VENTUREAXESS’S wide range of investments includes a small firm at Jurien Bay that is tackling one of the key challenges facing the global aquaculture industry.
Aquaculture Research and Marketing (ARM) is aiming to be the first company in the world to commercially cultivate a native species of brine shrimp, which is the main feedstock for many aquaculture ventures in countries around the globe.
Fish farms and prawn farms in particular rely on brine shrimp as their main feedstock during the nursery and hatchery phase.
The supply of brine shrimp is almost entirely from wild harvests in China and the Great Lakes of North America, and the limited and sometimes unreliable supply is seen as a barrier to growth of the global aquaculture industry.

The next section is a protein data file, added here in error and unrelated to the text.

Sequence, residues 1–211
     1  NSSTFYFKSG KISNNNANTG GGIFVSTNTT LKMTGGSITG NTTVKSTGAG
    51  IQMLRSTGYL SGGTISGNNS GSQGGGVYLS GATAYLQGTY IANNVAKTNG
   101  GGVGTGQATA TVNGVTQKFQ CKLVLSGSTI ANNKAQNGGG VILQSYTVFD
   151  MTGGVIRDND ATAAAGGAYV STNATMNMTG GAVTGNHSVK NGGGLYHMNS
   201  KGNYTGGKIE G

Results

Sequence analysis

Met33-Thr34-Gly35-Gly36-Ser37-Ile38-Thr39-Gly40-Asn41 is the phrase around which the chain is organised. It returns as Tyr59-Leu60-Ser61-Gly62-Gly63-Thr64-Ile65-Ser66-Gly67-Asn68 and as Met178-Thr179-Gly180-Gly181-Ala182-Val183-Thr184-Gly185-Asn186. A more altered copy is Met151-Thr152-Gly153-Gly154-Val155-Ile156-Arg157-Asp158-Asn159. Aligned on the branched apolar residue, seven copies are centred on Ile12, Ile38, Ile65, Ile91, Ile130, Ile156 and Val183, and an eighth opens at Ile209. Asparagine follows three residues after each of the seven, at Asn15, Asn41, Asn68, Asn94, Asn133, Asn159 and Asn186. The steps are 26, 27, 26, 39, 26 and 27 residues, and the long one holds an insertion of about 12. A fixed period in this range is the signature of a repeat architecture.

VentureAxess chairman Geoff Mullins said ARM had successfully bred native brine shrimp in laboratory conditions and was planning to build a commercial breeding and cultivation facility.
WA’s Department of Fisheries is also pursuing several initiatives to tackle the problems posed by the limited supply of brine shrimp.
It is working with beta carotene producer Cognis to cultivate introduced species of brine shrimp.
The algae grown by Cognis provides a ready supply of food for the brine shrimp.
Fisheries scientist Sagiv Kolkovski is part of a national research project helping to develop an alterative solution.
His project is working on an alternative feedstock known as formulated micro-diets, which offer both assured supply and potential cost savings.
Dr Kolkovski is the principal investigator of the micro-diet project, which involves Queensland’s James Cook University, Challenger TAFE in Fremantle and Spanish collaborators and a number of commercial aquaculture companies around Australia.
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